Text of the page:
JG: Beyond this room, we all agree that the format is pretty exciting and intense. I don’t know if you can do much more with it than that, but the person who leads the points going into the Chase seems to be easily forgotten once it all starts, and since it’s so hard to accomplish that, it should be rewarded more.
MT: A first round bye would certainly make it pretty interesting. That’s a good idea.
KB: You can go from first to 16th in one week. That’s pretty crazy.
KH: But that’s what makes it kind of intriguing.
JG: I will say, I like this format with not having to deal with 10 specific tracks throughout the year. To me, I think it has been more enjoyable and beneficial for me and my team even though it’s extremely hard to get to this position. Before, it was 10 straight, and it didn’t seem to bring things down to the final race and make it quite as exciting and as intense as this one. Not saying it’s any more or less rewarding as a champion, but I think it’s good for the sport.
KL: Where does the Chase rank in terms of the toughest titles to win in sports?
MT: It’s gotta be the toughest. Just from everything that can happen. Not only are you racing 42 other cars every weekend — there’s 16 in the Chase to start, but there’s still 42 other cars on the track. That makes it tough in itself. But then you have the eliminations, and there’s a lot more that can go wrong than in most other sports.
KB: Pit crews on pit road, tires that blow out, rear axle seals that go out, engines that blow up. There’s so many different variables besides just deflated balls.
JG: All the other teams are still out there, and they have something at stake. So it’s not just like they’re moving over for the guys who are going for the championship. They’re racing for a win. They’re racing for points. They’re racing for sponsors. That throws a whole other set of difficult circumstances into it.
KH: Nobody wants to let their team down. Nobody wants to be a driver who lays down for the last race. The guy racing for 20th in the points is racing for winner’s circle money—there’s millions of dollars at stake for even 20th in the points, there’s all kinds of things all over the board that people are still racing for.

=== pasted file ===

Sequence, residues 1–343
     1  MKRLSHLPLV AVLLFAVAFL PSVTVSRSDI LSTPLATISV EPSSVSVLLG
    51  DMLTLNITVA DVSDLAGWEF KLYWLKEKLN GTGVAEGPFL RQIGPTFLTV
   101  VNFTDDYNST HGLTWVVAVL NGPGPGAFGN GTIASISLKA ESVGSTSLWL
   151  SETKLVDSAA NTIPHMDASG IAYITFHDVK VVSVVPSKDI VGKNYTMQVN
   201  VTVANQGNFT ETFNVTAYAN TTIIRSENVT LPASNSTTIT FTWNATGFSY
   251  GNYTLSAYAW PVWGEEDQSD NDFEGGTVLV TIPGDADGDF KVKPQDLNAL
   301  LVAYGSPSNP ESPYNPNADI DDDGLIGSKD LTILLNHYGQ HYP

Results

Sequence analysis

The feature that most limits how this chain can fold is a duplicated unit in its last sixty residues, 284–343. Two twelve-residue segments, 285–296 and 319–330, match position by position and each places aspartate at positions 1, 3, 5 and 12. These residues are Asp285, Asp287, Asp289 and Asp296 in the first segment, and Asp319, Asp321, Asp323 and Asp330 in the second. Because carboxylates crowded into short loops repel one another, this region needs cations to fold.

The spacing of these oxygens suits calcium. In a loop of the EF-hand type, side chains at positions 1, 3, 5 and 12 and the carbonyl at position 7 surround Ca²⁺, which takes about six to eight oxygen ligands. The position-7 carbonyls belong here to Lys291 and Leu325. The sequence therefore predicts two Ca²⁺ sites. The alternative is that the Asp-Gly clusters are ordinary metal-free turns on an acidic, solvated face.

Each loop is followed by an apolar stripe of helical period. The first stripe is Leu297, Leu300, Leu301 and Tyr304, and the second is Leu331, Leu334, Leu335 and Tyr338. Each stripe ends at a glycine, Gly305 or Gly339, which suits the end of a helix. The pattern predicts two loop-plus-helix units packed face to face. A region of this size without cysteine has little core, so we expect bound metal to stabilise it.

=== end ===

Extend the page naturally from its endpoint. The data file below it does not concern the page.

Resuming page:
KL: What are your feelings about this past weekend in Phoenix with the rain-shortened race, and the impact that had on setting the Final Four?
KB: It’s no different than a Daytona 500 getting rain-shortened. It’s not what you want. It’s not what the fans want. It’s not what the drivers want. But unfortunately, it’s Mother Nature and we can’t fix that because we don’t perform in domes. We’re on speedways that are outdoors, so being an outdoor sport, it lends itself to that sometimes.
MT: If you can’t get it done in 200 laps, what’s 300 gonna do?
KL: What are your thoughts on what happened with the suspension at Martinsville with the “Wild West” antics between Matt Kenseth and Joey Logano that crippled Logano’s title chances after he’d won three straight races?
KH: I think it shows how much passion and competitiveness there is in the sport. I know that there’s a lot of different views. Things happen, but everyone cares about what they’re doing. You want to do the best that you can for your team and when you feel like you’ve been done wrong, sometimes you make mistakes and react the wrong way. But I think if you ask Matt what happened in six months, he would probably say that he’d handle it differently. But when you’re involved in the heat of the moment, it’s hard to control those emotions, especially with everything that had happened. There’s just a lot of things going through your mind.
JG: I’d like to think that Joey would probably say the same thing six months from now. I think all of us as drivers look at situations that were either good or bad, and in the bad ones you usually say, “What could I have done to prevent that from happening, or from handling it that way, or how could I have approached it a different way?” And my gosh, that’s a thousand times throughout every race that we do that. But when it’s something big like that, I think you definitely want to avoid that situation in the future. None of us want enemies. We all want to go race hard and clean and have a shot at a win or a championship, and you can’t do that by having enemies out there.
KH: And in the end, enemies or not, both of those guys probably think that they handled it the wrong way with a championship on the line. Both of those cars were two of the fastest cars throughout the year, and they’d look back on it and say, “That might be the best chance that I had to win a championship in however many years,” because they aren’t going to just roll around all the time. So you have to think about your team first, but sometimes, you let your emotions get ahead of that. Unfortunately, I’ve been in that position a couple of times.
JG: Me too.
KH: But you learn from those situations and you see how much it affected your team and things that it hurt, so there’s so many things to be learned from it. But in the end, there’s raw emotion that it brings out, and it shows the intensity of the situation.